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Pakistan Must Fulfil Its Constitutional Obligation To Protect Its Most Vulnerable and Weak Citizens

By Khalid Bhatti

October 26, 2018

If women and children are the most vulnerable sections of our society, then poor children and women are extremely vulnerable and deprived.

Extreme poverty, deprivation, lack of education and economic opportunities force them to become a source of cheap labour and super exploitation. These conditions create an ideal situation for the rich, privilege and resourceful to exploit, abuse and repress the poor at their will. So it is not surprising at all that another case of torture and inhumane treatment of a child working as a maid has surfaced.

It is really unfortunate that the conditions of child domestic help only capture our attention when one who has been brutally beaten, abused and tortured comes forward to tell his/her horrifying ordeal. Usually, we ignore their presence in our glittering malls, posh boutiques and expensive restaurants where they accompany upper-middle-class families. We ignore the pain and suffering visible on their faces and feeble bodies while they babysit the children of the privileged.

We ignore the everyday cruelty and inhumane treatment of these children when they are forced to watch their employers enjoying delicious meals. Pity the nation that treats its poor and vulnerable so badly.

As a father of a young girl, it is really disturbing and very painful to even imagine what 11-year-old Kinza went through. Her ordeal at the house of an educated middle-class couple in Rawalpindi once again highlights the slave-like conditions of the hundreds of thousand children working as domestic help in Pakistan.

What Kinza and Tayyaba before her faced can only be compared with the conditions and treatment meted out to slaves, whose masters had the right to abuse and starve their slaves. Slaves had no rights as they were not considered humans but mere subjects to exploit in hard labour.

Some sections of our middle class have forced child domestic workers to live in conditions reminiscent of 18th or 19th century slaves. There are no other words in my vocabulary to explain the situation of child domestic servants than to declare it modern slavery.

We are doing with our poor children what the Romans did with their slaves and the American masters did with their black slaves. We need to change our medieval traditions and approaches while dealing with our most vulnerable.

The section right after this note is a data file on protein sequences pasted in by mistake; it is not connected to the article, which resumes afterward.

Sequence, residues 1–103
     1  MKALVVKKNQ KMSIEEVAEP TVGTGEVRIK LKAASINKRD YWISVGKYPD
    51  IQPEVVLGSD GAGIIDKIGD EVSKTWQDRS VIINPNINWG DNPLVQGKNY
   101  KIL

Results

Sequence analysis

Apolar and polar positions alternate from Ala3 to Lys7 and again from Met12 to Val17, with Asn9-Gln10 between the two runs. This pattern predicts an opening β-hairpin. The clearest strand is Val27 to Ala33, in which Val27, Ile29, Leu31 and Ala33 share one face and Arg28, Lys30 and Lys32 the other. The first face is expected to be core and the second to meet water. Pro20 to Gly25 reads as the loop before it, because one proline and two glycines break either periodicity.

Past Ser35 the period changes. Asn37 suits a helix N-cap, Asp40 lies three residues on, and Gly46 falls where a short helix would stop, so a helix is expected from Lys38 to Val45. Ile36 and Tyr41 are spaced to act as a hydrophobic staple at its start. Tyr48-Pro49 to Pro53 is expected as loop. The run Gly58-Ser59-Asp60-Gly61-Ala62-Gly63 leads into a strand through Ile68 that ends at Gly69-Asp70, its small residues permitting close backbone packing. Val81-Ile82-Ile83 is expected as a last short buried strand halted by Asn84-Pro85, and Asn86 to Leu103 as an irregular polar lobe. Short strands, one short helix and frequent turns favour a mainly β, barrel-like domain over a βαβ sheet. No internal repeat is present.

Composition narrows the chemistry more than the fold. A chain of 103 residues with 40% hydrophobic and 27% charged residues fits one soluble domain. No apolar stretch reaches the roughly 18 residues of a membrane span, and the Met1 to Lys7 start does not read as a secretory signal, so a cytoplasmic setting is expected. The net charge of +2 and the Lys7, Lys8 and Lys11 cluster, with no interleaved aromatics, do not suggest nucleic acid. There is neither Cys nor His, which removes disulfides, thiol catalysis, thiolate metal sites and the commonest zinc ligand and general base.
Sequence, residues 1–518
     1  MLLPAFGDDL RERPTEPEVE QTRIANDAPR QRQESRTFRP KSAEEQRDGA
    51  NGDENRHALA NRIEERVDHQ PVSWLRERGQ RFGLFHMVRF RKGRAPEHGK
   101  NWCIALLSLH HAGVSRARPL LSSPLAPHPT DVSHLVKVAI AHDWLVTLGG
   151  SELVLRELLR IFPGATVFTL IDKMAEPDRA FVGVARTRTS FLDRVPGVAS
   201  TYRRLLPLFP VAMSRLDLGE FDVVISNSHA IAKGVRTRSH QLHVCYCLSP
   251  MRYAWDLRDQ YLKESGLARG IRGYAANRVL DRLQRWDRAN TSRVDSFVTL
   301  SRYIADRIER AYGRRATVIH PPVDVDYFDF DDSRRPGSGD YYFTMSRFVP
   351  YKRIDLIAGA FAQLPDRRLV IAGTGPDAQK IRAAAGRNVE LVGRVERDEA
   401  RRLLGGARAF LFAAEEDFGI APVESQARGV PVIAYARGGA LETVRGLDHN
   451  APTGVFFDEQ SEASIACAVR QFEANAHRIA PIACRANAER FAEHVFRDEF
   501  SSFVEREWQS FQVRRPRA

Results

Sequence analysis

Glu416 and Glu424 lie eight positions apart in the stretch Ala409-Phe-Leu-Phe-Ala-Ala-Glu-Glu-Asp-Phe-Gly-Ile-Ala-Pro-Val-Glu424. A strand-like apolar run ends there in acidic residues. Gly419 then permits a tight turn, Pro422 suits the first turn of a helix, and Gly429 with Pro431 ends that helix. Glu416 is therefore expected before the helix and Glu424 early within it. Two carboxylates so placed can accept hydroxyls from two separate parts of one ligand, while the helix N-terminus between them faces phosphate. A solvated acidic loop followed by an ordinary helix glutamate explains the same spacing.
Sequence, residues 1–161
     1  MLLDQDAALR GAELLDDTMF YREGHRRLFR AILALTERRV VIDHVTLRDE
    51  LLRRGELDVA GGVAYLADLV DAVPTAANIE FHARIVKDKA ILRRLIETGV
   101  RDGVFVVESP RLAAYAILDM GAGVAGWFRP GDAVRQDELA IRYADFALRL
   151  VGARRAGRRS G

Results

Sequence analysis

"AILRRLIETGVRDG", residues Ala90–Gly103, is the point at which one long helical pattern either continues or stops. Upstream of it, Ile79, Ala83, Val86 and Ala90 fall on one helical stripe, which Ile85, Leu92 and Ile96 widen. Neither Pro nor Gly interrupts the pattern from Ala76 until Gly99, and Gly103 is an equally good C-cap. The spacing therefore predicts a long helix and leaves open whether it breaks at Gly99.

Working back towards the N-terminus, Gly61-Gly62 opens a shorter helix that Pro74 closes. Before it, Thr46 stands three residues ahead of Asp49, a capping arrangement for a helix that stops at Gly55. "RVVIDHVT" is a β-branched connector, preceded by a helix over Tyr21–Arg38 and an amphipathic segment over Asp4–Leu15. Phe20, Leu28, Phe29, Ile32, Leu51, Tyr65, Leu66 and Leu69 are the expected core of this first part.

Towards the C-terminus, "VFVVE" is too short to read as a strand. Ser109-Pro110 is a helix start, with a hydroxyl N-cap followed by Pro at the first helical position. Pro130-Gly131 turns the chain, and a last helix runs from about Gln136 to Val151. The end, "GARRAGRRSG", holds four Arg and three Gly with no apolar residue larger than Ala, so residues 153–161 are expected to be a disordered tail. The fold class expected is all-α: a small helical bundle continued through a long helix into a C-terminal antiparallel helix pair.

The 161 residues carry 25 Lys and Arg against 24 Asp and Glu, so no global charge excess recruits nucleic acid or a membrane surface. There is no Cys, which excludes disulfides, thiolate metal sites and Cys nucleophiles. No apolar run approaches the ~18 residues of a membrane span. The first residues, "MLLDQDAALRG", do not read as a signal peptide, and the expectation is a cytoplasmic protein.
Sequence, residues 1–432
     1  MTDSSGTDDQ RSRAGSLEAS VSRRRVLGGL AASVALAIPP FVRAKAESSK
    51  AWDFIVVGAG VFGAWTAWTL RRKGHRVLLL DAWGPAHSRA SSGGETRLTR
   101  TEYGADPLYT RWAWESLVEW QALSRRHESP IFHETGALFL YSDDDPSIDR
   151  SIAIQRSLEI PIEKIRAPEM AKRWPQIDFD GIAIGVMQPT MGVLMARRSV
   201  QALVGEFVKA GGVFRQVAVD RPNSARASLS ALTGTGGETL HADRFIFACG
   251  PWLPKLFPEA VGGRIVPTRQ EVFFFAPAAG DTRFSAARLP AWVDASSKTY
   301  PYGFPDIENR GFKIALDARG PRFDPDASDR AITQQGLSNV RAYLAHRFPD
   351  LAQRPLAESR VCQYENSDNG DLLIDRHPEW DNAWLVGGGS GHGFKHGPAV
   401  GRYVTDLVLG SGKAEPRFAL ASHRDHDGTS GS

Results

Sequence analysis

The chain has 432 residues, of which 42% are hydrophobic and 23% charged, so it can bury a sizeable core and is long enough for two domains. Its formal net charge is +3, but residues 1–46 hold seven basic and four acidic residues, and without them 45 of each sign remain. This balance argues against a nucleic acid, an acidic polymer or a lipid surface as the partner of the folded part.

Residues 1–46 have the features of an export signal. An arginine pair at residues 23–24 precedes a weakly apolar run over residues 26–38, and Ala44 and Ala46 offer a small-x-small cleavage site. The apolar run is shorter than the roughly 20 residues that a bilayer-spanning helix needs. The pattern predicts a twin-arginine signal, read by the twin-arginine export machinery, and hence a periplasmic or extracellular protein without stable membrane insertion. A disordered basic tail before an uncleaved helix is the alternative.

Kinza’s medical report confirmed the torture and brutal treatment meted out to her. She was beaten with pipes, wires, belts and ropes. She was locked and starved. She was treated like a slave not by an illiterate master in a remote village or by a semi-educated family in a small town, but a well-educated middle-class couple in a posh area.

Why do educated people employ young children? Aren’t they aware that domestic work is hazardous and harmful for children? In my opinion, most of them are not ignorant of such effects. The problem is that most of them do not consider employing a young child as a domestic worker morally or legally wrong.

The reason is simple. We as a society consider child domestic work socially and culturally acceptable. We even consider it as something positive: a way to help the poor child and his/her family. While it is true that not everyone treats child labour brutally, they are still depriving children the innocence and joy of childhood.

These children are deprived of the right to education and a chance to get out of the vicious cycle of poverty. This is exploitation and violation of basic human rights even with good intentions.

Unfortunately, it has become fashionable for sections of the upper middle class and even for some middle-class families to have their child domestic help accompany them to public places. They do this without realising that they are displaying their class arrogance and superiority in a most crude manner.

Child labour in any form is not normal in a civilised society. We need to act now to protect our poor from all sorts of exploitation, abuse and harm. If child labour is not allowed in factories, brick kilns and other workplaces then how can it be allowed in homes? The Pakistani state needs to act now to fulfil its constitutional obligation to protect the most vulnerable and weak citizens of this country.

Sadly, countless children have been brutalised in the past. This will keep happening till a long-term policy and strategy to wipe out child labour is implemented.

The federal and provincial governments need to act urgently to regulate domestic work. They need to regulate the working and living conditions of domestic workers, with special attention to the needs of young domestic workers. This should include strict limits on hours of work, prohibition on night work, restrictions on work that is excessively demanding, and monitoring mechanisms on working and living conditions.

It is important to take legislative and policy action to end child labour and to set a minimum age for domestic workers, not lower than that established for workers generally.

Poor children have every right to get education and a decent life like the other children of this country. The state is responsible for providing them education and other constitutional rights.

The writer is a freelance journalist.